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Montevideo, September 16th 2021 - 21:44 UTC

 

 

Haitian President Moïse shot dead by “foreigners who spoke Spanish and English”

Wednesday, July 7th 2021 - 19:35 UTC
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Moïse had been accused of trying to install a dictatorship  Moïse had been accused of trying to install a dictatorship

Unidentified gunmen have shot Haitian President Jovenel Moïse dead at his private residence in Port-au-Prince overnight on Wednesday, interim Prime Minister Claude Joseph said.

Joseph also described the attack as an “inhuman and barbaric act” and explained that the assailants were “foreigners who spoke English and Spanish.”

First lady Martine Moïse survived the shooting but needed hospitalization due to her wounds. “She’s stable but in critical condition,” Haiti’s ambassador to the United States Bocchit Edmond said. “Efforts are being done now to take her to Miami to be treated.”

“The country’s security situation is under the control of the National Police of Haiti and the Armed Forces of Haiti,” Joseph said in a statement from his office. “Democracy and the republic will win.”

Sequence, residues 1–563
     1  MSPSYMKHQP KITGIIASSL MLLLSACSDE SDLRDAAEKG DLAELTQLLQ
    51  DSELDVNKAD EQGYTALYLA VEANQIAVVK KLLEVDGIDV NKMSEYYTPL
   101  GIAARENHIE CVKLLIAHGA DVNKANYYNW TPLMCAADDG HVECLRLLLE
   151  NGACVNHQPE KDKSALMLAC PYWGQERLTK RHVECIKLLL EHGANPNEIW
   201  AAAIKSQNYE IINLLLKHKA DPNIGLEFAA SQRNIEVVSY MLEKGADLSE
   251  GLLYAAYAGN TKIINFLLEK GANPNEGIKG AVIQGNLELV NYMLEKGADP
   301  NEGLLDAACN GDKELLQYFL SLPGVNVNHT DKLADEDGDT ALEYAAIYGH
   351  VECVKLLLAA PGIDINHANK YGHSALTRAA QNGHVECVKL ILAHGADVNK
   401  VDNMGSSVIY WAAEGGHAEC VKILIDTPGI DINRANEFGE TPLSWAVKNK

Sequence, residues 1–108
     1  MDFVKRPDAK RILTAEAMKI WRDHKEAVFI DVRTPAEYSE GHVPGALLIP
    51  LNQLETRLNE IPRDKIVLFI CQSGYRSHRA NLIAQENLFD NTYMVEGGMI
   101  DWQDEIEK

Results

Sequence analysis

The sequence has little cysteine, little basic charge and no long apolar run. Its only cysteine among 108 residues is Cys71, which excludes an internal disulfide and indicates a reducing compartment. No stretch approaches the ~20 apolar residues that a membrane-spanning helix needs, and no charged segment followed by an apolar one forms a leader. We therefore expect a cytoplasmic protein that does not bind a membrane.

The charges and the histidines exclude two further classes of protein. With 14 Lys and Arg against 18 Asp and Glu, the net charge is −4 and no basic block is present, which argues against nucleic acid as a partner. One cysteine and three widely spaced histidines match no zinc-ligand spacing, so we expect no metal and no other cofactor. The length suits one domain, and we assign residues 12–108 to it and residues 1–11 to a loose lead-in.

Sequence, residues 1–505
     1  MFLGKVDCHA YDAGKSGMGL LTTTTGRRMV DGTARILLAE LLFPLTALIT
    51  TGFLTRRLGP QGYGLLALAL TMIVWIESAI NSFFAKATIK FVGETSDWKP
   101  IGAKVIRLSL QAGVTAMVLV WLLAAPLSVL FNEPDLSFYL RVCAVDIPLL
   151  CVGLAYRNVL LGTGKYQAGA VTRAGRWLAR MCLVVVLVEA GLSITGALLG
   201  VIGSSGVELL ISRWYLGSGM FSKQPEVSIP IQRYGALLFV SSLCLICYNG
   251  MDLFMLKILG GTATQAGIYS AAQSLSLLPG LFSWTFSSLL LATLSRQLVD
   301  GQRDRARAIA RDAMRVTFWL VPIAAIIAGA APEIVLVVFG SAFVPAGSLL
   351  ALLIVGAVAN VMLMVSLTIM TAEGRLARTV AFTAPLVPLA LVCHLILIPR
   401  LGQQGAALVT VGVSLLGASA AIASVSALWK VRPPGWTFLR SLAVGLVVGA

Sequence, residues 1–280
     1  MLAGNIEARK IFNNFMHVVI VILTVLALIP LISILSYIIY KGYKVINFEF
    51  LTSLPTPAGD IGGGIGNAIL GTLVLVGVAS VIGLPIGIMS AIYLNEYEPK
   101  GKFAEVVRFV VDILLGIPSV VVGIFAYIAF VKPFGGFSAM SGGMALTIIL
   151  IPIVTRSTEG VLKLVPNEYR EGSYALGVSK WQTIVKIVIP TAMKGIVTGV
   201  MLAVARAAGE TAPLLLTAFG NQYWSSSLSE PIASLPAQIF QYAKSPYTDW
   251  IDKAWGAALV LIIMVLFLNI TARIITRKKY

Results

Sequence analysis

Haiti, the poorest country in the Americas, was already in a precarious political situation before the assassination, having grown increasingly unstable and disgruntled under Moïse.

Moïse, who was 53, ruled by decree for more than two years after the country failed to hold elections and the opposition demanded his resignation in recent months.

In the early hours of Wednesday, the streets of Port-au-Prince were empty, but some businesses were ransacked. After the attack, gunshots could be heard throughout the capital.

Joseph said police have been deployed to the National Palace and the upscale community of Pétionville and will be sent to other areas.

The Dominican Republic said it was closing the border it shares with Haiti on the island of Hispaniola.

Haiti’s economic, political and social woes have deepened recently, with gang violence spiking heavily in the nation's capital, inflation spiralling and food and fuel becoming scarcer in a country where 60% of the population makes less than US $ 2 a day.

These troubles come as Haiti still tries to recover from the devastating 2010 earthquake as well as from the aftermath of Hurricane Matthew in 2016.

Moïse had faced fierce protests since he took office as president in 2017, with the opposition accusing him this year of seeking to install a dictatorship by overstaying his mandate and becoming more authoritarian.

In addition to presidential, legislative and local elections, Haiti was due to have a constitutional referendum in September after it was postponed twice due to the coronavirus pandemic.

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